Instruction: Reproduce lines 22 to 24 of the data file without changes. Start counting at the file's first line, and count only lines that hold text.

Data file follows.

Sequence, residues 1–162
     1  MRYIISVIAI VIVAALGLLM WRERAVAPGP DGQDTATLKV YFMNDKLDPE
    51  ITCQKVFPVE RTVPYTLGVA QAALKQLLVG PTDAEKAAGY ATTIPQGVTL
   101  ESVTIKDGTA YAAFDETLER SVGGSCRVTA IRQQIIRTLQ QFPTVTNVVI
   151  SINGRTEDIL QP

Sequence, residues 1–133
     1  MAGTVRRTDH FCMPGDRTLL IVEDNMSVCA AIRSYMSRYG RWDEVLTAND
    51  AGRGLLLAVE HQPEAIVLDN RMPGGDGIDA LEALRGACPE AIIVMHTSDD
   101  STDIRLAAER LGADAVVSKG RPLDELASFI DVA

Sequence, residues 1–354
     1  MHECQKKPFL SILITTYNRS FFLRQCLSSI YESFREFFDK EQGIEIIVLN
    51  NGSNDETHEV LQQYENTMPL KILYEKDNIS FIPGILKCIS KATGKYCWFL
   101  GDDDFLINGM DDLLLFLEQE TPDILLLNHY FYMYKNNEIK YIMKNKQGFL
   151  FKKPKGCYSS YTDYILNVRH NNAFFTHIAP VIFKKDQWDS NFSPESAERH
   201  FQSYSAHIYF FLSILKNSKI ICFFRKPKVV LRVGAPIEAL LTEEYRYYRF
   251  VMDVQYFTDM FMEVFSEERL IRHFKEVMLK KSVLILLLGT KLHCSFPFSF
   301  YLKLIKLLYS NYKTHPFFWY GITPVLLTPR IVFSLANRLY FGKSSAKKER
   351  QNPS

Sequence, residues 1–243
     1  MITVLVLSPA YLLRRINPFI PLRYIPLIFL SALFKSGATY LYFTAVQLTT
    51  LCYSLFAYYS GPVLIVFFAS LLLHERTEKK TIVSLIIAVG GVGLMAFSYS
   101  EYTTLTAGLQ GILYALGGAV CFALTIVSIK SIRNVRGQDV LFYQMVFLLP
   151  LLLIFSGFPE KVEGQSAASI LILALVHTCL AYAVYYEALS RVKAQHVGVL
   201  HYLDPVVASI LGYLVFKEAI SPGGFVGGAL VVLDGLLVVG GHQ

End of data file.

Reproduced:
   101  EYTTLTAGLQ GILYALGGAV CFALTIVSIK SIRNVRGQDV LFYQMVFLLP
   151  LLLIFSGFPE KVEGQSAASI LILALVHTCL AYAVYYEALS RVKAQHVGVL
   201  HYLDPVVASI LGYLVFKEAI SPGGFVGGAL VVLDGLLVVG GHQ